Nikki Sinclaire fraud trial: Former Ukip MEP's staff 'knew passwords'

An ex Ukip MEP accused of filing dodgy expenses claims told a court her staff knew her passwords and credit card numbers to make travel bookings.

Nikki Sinclaire fraud trial: Former Ukip MEP's staff 'knew passwords'

Nikki Sinclaire, who represented the West Midlands region in Brussels and Strasbourg until 2014, is on trial for allegedly submitting "significant" expenses claims that prosecutors say she knew to be false.

Giving evidence for the first time at her Birmingham Crown Court trial on Monday, she said: "Staff had access to the office credit card and also my other credit card - they knew the numbers."

She added that her "immense workload", representing five million constituents, meant she probably gave "mundane" queries about her travel arrangements from her own staff short shrift and "did not know" what they did with her receipts once handed over.

The 47-year-old said she had "so many objectives to achieve" politically, she expected her expenses to be dealt with by her office.

Sinclaire also told how she had sought "clarification" from the Brussels' parliamentary expenses officials on how to make claims, after being handed a "foot-and-a-half"-high pile of EU paperwork.

Describing her background, she told the jury she was born in 1968, one of four children to a lorry driver father and a nurse mother, and grew up in south London.

She charted how she knew from the age of four of her issues regarding her gender identity and had gender reassignment surgery in 1995.

In emotional testimony, she described how she saw herself as "the first person ever to be in that situation to be elected".

She said: "I wanted to show that somebody like me could do that job."

Recalling her rise within the party, the former MEP added that throughout her time with Ukip from 1997, there was hostility and distrust between her and Nigel Farage.

But she said: "There was also an element of respect - we were two different wings of the same party."

Asked by her barrister Sean Hammond if she had dishonestly submitted 10 claims, she battled tears as she replied: "No.

"I wanted to be different, I wanted to show it was possible to positively represent people."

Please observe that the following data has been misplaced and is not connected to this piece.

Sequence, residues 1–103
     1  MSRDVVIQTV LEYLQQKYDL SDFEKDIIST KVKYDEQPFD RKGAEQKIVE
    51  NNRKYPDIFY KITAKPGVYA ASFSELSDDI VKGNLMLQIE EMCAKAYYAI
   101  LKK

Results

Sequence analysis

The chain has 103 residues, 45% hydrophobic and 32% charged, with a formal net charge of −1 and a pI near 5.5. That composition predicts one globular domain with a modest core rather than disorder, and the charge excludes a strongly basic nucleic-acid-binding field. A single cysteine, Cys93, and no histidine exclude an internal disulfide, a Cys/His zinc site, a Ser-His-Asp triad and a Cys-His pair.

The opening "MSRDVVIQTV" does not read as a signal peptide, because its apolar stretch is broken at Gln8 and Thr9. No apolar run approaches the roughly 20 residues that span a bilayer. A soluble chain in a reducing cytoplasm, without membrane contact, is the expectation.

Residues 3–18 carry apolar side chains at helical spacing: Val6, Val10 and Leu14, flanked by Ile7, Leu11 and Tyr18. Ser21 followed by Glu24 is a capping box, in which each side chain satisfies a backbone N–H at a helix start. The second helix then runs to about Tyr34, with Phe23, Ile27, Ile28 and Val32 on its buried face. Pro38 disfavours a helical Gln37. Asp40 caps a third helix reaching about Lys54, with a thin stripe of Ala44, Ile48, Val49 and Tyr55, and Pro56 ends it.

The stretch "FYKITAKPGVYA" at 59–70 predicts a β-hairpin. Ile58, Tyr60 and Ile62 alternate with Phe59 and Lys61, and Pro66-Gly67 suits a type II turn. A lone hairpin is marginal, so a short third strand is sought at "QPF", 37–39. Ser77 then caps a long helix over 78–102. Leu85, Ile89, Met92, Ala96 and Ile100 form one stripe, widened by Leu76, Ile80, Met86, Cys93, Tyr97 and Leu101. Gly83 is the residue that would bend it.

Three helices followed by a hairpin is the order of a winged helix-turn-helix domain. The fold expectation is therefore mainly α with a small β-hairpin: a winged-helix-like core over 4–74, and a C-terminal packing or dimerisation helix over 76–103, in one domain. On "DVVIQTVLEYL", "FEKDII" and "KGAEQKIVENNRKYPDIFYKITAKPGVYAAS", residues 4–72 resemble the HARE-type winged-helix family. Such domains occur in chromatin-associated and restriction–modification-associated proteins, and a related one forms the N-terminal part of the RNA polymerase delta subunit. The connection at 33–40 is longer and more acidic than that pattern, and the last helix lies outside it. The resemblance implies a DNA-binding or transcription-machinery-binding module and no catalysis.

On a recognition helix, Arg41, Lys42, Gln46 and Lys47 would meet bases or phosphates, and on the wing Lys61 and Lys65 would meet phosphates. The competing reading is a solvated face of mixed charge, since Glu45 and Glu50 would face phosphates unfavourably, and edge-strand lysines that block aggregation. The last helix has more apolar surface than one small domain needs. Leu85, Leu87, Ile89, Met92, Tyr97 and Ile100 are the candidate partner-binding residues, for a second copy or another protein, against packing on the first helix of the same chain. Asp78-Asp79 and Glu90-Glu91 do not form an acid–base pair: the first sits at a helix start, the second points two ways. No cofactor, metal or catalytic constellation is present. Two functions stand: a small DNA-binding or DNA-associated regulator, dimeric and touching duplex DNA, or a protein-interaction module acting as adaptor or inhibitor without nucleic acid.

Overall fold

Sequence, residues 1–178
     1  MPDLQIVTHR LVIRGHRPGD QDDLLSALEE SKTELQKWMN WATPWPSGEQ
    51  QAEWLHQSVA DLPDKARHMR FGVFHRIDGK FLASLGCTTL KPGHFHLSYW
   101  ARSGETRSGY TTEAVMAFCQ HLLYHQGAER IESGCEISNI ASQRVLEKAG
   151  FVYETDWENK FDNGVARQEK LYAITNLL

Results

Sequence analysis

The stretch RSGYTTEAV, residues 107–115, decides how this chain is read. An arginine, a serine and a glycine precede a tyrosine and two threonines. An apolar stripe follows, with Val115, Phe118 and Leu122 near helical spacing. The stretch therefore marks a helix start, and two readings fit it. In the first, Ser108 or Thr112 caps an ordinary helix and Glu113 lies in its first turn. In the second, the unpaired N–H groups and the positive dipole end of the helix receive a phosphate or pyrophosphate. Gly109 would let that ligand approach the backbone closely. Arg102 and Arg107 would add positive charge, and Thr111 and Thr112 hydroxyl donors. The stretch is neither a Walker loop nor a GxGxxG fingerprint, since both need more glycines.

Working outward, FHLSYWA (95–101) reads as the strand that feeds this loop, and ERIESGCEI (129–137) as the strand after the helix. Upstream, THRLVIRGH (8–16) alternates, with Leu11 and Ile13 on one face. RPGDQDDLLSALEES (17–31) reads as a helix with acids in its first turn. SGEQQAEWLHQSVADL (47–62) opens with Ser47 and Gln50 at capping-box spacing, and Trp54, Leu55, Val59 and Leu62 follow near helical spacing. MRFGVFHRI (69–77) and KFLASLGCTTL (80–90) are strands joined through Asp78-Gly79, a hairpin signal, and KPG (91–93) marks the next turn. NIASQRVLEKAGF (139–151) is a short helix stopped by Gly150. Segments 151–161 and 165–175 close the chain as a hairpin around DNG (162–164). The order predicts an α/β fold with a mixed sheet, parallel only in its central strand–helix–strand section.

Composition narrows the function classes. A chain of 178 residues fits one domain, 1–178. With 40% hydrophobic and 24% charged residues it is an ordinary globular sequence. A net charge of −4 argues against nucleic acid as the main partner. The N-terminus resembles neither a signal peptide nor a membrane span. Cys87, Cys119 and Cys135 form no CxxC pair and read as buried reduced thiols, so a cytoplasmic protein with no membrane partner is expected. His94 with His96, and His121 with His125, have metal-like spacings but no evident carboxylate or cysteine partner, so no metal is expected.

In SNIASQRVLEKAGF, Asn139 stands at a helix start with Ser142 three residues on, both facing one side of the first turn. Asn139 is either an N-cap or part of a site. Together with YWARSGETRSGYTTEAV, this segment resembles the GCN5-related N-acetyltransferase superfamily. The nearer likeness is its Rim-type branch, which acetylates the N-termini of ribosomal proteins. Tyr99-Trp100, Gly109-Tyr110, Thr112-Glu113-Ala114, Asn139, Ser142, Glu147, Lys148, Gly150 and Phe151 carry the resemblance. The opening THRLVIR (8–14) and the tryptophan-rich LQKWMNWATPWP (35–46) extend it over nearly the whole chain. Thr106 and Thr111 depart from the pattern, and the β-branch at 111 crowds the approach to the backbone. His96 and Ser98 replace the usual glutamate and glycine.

Sinclaire herself went to the EU anti-fraud unit and the police when she claimed to have realised all was not right with her claims.

She claimed her approach to making expenses claims was to empty out a handbag full of receipts and leave them on desk of her office staff to deal with, as it was "not really my skillset".

Instead, she left the task was down to her UK office administration assistant Paula Murray, or her political aide and later office manager John Ison to sort them.

Sinclaire said: "On a Friday afternoon, I would empty my handbag of all receipts, and put it by John's (Ison's) desk.

"After employing Paula, it would be on her desk."

Sinclaire also claimed that new MEPs were not shown the ropes of the parliamentary expenses system and instead relied on a "fresher's fair" held in Brussels, and a huge bundle of documentation.

Having to set up her office from scratch, she recruited West Midlands regional party worker and Ukip campaigner Mr Ison to help her with setting up the rules and procedures of her administration.

In August, 2009, seeking clarification about the expenses paperwork, she went with Mr Ison to the parliamentary cash office in Brussels to speak with the bureaucrat in charge.

Mr Hammond asked: "So at that stage in terms of physically pulling together of expenses claims and the paperwork, things like that, who took over the administration work?

Sinclaire replied it was Mr Ison who set up the system and he who supervised its function.

Sinclaire said: "The time I spent in my office, the workload I had, I spent so little time in the Birmingham office.

"There were many pressures because of my position.

"I probably wouldn't have reacted well to being asked a mundane question about my claims."

Asked by Mr Hammond how travel bookings were arranged, she said these were dealt with by her staff who had access to her email account, credit cards and passwords.

Sinclaire claimed she was actually attempting to highlight what she alleged was the wastefulness of the EU bureaucracy and expenses system, during her tenure, which ended in 2014 when she failed to get re-elected.

Sinclaire, of Shirley, Solihull, West Midlands, denies misconduct in a public office between October 1 2009 and July 31 2010 while a serving member of the European Parliament by making or causing to be made false or dishonest claims for travel expenses.

She further denies a charge that between October 14 2009 and December 31 2010 she fraudulently transferred criminal property into her bank account.

The trial continues.

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